Porcine epidemic diarrhea virus in the United States: Cell culture isolation, genetic phylogeny, pathogenesis, and immunity

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Chen, Qi
Major Professor
Jianqiang Zhang
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Veterinary Microbiology and Preventive Medicine
Our faculty promote the understanding of causes of infectious disease in animals and the mechanisms by which diseases develop at the organismal, cellular and molecular levels. Veterinary microbiology also includes research on the interaction of pathogenic and symbiotic microbes with their hosts and the host response to infection.
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Porcine epidemic diarrhea virus (PEDV) was first identified in 1971 in England, and it then spread to Asian countries. It did not cause severe outbreaks until the 1990s in Asia. There was no PEDV reported in American countries prior to the first United States (U.S.) outbreak that started in April, 2013.

The goals of this dissertation are to better characterize the features of U.S. PEDVs, particularly cell culture isolation methods, genetic phylogeny, pathogenesis, and immunity, to aid the PEDV diagnosis and control. Genetic analyses showed that two major PEDV strains are currently circulating in the U.S, designated as U.S. prototype strain and U.S. S-INDEL-variant strain. Initially, multiple U.S. PEDV prototype isolates and one U.S. PEDV S-INDEL-variant isolate were successfully isolated in Vero (ATCC CCL-81), which provided sustainable pure viral materials for various applications. Subsequently, two-way cross-reactivity and cross-neutralization between the two U.S. PEDV strains were evaluated in vitro. It was found that PEDV serological assays including indirect fluorescent antibody (IFA) assay, enzyme-linked immunosorbent assays (ELISA) and virus neutralization assay (VN) with either virus strain as indicator virus were able to detect antibodies against both U.S. PEDV strains. Pathogenesis difference was then compared amongst different U.S. PEDV strains and clades in 5-day-old neonatal pigs, 3-week-old and 7-week-old weaned pigs. The results revealed that U.S. prototype PEDV strain was more virulent than U.S, S-INDEL-variant PEDV strain in 5-day-old and 3-week-old pigs, but U.S. S-INDEL-variant was more virulent than U.S, prototype PEDV strains in 7-week-old weaned pigs. In vivo cross-protection efficacy evaluation in weaned pig models indicated that immunization with U.S. PEDV prototype strain provided similar protection against challenge with U.S. prototype strain or U.S. PEDV S-INDEL-variant strain. Immunization with U.S. PEDV S-INDEL-variant strain provided efficient protection against challenge with U.S. PEDV S-INDEL-variant strain and provided at least partial cross-protection against U.S. prototype PEDV challenge. In summary, in this dissertation, isolation of circulating U.S. PEDVs in cell cultures was successfully obtained and pathogenicity and cross-protective immunity of U.S. PEDVs were characterized.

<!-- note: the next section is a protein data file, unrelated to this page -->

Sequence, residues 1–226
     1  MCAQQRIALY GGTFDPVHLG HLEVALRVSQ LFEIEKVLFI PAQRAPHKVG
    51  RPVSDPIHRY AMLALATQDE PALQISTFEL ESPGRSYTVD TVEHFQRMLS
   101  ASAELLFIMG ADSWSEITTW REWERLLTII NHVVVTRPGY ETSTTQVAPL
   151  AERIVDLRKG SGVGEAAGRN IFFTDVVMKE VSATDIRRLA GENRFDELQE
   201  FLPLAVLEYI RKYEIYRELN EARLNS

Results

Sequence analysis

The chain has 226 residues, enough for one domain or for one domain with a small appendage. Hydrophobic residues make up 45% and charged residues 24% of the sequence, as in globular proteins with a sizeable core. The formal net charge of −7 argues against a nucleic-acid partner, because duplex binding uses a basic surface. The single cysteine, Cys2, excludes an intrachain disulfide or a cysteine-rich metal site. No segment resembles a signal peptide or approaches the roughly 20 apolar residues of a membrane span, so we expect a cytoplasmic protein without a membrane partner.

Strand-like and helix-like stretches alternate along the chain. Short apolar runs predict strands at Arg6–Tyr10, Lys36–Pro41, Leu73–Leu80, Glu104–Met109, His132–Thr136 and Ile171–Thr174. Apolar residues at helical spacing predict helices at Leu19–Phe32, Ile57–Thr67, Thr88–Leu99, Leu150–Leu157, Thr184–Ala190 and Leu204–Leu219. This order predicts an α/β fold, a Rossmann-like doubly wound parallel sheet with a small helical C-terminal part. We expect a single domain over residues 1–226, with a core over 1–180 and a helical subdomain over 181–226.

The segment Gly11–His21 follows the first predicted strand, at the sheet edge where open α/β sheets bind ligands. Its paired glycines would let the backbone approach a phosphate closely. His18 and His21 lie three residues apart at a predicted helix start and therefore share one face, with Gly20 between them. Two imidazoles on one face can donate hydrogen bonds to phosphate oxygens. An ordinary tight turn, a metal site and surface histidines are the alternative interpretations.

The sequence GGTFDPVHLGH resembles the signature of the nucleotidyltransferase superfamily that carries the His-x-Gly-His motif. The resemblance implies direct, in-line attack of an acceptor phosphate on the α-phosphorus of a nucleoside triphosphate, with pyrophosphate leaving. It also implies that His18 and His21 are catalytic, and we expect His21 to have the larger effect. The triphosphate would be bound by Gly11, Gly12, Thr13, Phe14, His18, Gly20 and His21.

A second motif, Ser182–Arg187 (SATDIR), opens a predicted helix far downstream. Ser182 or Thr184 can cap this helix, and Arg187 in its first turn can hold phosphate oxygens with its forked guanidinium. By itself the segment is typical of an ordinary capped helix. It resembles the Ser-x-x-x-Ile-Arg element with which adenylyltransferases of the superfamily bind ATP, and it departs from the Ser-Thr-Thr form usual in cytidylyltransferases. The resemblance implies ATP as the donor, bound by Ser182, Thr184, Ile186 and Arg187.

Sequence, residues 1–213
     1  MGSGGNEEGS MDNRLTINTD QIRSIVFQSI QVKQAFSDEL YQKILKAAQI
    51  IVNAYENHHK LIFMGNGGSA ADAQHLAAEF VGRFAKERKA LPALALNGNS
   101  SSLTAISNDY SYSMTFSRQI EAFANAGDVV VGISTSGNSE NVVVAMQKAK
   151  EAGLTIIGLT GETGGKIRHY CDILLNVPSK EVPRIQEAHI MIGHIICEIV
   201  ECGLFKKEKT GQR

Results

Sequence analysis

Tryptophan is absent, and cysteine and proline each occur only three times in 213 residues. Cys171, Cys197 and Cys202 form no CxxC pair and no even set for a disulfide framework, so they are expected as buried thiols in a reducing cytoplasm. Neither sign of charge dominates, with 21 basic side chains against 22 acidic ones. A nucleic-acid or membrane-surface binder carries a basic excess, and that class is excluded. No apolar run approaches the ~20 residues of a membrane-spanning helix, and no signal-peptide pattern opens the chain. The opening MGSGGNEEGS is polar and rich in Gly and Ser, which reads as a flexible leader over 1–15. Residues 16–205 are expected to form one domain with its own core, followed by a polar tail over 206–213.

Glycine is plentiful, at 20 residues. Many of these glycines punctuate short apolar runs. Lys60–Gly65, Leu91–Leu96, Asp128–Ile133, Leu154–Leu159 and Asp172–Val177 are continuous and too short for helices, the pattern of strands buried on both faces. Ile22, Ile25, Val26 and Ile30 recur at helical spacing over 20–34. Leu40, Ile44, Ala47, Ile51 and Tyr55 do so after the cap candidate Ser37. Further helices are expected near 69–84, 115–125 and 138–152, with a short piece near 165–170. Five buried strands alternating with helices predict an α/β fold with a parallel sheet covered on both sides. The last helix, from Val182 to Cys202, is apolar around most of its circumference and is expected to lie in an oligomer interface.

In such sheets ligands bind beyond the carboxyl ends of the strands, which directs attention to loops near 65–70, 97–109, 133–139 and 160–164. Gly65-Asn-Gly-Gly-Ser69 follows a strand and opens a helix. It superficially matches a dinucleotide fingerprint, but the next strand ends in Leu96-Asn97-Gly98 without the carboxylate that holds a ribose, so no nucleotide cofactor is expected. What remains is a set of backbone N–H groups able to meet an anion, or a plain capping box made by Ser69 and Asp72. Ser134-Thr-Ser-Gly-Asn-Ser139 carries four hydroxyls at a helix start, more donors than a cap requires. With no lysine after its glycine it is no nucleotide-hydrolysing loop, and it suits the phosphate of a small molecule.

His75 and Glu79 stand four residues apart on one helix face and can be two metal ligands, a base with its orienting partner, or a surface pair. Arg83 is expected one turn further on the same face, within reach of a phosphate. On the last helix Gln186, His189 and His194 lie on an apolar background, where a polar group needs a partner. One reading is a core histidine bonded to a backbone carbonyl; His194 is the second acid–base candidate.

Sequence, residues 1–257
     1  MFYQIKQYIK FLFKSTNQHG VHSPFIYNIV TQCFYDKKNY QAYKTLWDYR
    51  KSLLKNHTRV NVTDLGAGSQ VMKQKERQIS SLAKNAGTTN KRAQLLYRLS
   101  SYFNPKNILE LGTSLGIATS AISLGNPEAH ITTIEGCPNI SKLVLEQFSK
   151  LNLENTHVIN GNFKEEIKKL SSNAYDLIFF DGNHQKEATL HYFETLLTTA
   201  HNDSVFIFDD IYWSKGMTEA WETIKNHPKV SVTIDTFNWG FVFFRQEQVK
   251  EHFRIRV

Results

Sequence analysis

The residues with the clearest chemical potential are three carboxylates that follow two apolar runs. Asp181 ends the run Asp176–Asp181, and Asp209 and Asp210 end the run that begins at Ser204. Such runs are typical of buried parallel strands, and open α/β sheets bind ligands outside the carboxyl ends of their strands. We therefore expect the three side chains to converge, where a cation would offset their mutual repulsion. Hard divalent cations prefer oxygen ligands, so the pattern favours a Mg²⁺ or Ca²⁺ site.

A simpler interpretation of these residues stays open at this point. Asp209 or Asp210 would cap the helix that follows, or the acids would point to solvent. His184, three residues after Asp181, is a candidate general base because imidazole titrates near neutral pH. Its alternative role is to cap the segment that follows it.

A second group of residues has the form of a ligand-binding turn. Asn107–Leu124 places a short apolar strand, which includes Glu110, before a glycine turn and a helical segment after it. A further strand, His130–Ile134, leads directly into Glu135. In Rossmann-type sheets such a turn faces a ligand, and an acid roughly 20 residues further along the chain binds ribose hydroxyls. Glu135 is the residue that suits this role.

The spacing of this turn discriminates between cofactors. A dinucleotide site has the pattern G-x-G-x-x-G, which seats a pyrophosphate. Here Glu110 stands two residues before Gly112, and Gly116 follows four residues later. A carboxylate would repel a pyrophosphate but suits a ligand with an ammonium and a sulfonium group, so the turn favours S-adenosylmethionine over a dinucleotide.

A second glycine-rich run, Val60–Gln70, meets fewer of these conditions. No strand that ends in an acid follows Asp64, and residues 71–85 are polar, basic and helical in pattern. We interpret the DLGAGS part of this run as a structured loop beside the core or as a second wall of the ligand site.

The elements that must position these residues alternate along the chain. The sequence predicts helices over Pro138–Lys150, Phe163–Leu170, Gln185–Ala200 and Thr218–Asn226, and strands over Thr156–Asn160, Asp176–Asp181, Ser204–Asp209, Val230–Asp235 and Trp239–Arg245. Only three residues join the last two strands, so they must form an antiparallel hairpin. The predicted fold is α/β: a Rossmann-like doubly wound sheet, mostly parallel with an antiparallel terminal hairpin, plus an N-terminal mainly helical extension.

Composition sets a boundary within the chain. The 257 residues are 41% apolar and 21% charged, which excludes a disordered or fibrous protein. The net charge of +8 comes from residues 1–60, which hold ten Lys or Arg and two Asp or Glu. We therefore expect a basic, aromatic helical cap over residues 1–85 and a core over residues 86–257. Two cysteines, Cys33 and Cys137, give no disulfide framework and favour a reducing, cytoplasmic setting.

Fri Jan 01 00:00:00 UTC 2016